I love Voice of Cards: The Isle Dragon Roars. It’s a beautiful, peculiar little game that absolutely will not be to everyone’s taste, but if you’re on board with what it offers, there’s a magnificently enjoyable experience to be had.
For the unfamiliar, Voice of Cards: The Isle Dragon Roars is the latest game from Nier creator Taro Yoko, and it takes the form of a console-style RPG presented entirely as cards on a tabletop. In other words, it plays like a classic 8-bit Final Fantasy or Dragon Quest for the most part, but it’s presented as if you’re sitting across a table from a “Game Master” who is handling all of the mechanical heavy lifting and setup for you.
The game commits to this bit to such a degree that there is only a single voice in the game: that of the aforementioned Game Master, who narrates everything you do, speaks for all the characters in the game world and, occasionally, stumbles over his words in a thoroughly endearing manner.
At the outset of the game, Voice of Cards’ Game Master specifically recommends that you play with the sound on and he’s not joking — the experience really is richer for it. In fact, even as someone who typically goes for the Japanese voice track when the option exists, I’d go so far as to recommend playing with the English dub on this one; to me, a significant part of the game’s impact and effectiveness comes from being able to hear and understand the story unfolding rather than simply reading it from the cards in front of you. The choice is, of course, yours, however.
For those who played the demo for Voice of Cards that came out a while back, the full version of Voice of Cards subverts expectations somewhat. While the initial tutorial unfolds from the perspective of the same “Ivory Order” adventurers that the demo focused on — in fact, it covers the exact final moments of the demo — once the main narrative gets rolling, things shift somewhat. Our perspective changes to that of an unproven adventurer and his monster companion, and the Ivory Order adventurers take on something of an antagonistic role.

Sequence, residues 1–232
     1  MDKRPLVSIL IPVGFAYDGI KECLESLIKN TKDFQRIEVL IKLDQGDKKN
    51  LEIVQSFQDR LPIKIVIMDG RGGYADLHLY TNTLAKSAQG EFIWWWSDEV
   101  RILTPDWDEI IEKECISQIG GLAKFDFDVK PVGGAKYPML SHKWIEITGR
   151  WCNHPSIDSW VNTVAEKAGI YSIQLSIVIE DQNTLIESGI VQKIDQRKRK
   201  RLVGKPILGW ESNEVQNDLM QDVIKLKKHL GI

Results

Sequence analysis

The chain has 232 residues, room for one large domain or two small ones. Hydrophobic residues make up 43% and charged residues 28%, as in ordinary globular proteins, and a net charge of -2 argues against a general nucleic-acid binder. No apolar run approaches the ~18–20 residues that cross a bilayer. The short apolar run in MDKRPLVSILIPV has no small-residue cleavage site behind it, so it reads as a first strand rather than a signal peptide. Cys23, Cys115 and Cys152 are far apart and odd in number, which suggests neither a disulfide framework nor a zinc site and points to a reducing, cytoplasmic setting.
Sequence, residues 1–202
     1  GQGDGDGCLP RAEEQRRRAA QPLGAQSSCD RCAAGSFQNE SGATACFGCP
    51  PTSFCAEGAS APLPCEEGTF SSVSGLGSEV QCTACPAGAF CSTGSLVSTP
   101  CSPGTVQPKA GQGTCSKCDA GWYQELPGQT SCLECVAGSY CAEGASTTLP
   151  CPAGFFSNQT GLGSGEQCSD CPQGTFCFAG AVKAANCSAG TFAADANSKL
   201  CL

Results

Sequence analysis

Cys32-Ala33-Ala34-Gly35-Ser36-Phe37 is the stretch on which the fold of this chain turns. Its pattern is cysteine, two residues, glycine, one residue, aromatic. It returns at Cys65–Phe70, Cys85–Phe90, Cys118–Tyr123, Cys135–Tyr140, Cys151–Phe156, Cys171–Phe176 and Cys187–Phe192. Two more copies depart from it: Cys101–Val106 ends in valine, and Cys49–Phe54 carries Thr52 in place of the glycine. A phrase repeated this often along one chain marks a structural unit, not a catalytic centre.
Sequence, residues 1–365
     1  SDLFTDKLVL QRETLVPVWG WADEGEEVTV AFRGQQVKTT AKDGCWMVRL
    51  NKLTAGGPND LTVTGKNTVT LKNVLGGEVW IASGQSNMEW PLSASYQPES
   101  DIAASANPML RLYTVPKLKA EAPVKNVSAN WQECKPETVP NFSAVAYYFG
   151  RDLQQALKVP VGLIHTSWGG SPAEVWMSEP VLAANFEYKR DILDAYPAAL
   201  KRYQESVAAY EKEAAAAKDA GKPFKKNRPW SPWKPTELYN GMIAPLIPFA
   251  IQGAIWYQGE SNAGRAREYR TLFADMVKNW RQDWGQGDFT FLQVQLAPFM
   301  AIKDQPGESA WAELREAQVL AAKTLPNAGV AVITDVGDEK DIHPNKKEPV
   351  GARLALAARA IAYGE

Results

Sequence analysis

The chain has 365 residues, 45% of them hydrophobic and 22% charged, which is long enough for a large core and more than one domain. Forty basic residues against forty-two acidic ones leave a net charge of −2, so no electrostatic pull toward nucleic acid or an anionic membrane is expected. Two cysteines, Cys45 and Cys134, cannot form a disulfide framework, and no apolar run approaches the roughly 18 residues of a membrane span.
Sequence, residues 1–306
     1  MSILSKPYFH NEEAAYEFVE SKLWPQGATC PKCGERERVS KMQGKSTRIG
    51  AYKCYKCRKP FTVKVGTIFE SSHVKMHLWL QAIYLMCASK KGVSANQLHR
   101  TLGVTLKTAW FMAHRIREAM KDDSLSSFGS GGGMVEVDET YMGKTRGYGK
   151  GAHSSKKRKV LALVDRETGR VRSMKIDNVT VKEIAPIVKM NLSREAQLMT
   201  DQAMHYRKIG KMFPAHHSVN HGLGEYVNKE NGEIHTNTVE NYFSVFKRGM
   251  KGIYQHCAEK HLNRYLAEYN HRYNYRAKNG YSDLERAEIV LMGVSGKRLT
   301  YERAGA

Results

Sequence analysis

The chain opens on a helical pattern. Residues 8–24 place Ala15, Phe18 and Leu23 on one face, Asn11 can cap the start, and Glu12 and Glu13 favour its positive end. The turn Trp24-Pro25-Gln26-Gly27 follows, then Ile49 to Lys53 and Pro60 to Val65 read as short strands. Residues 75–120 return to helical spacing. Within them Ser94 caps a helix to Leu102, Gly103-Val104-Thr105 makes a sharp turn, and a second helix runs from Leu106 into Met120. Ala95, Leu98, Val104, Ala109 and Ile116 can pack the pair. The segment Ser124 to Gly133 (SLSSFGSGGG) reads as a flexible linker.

This is a really interesting narrative approach, since the demo took such care to position these characters as thoroughly noble, heroic figures who were adored by everybody — though there was still a certain arrogant undertone to what they did. In the full version of Voice of Cards, this becomes abundantly clear — being in a position of power and privilege can lead to one taking one’s position for granted and not really being considerate of others, even when said position of power is based on a reputation for generosity and benevolence.
This is a Taro Yoko game, after all, so there are plenty of little bittersweet, dark and tragic touches like this along the way — often in the most subtle of places. But we’ll come back to that in a moment.
In terms of execution, Voice of Cards: The Isle Dragon Roars is the classic console-style RPG distilled down to its core elements. You move a playing piece that represents your party around the map, which is entirely constructed of cards, and reveal new areas of terrain as you move around.
Moving onto something — such as a chest, shop or character — allows you to interact with it in some way, usually prompting a short narration sequence from the Game Master, and there are often choices to make as to how you respond to various situations. At heart, the game’s narrative is strictly linear, but the fact you can respond in various ways to the situations before you gives you a greater feeling of agency.
Battles occur at random, and unfold as a competitive card game. Each participant in the fight has a card that represents them, with numerical values showing their current health, attack and defence values. When a participant’s turn rolls around, they can choose from a hand of cards they have available to them, with more powerful cards requiring they draw from a pile of crystals that gradually accumulates with each passing turn.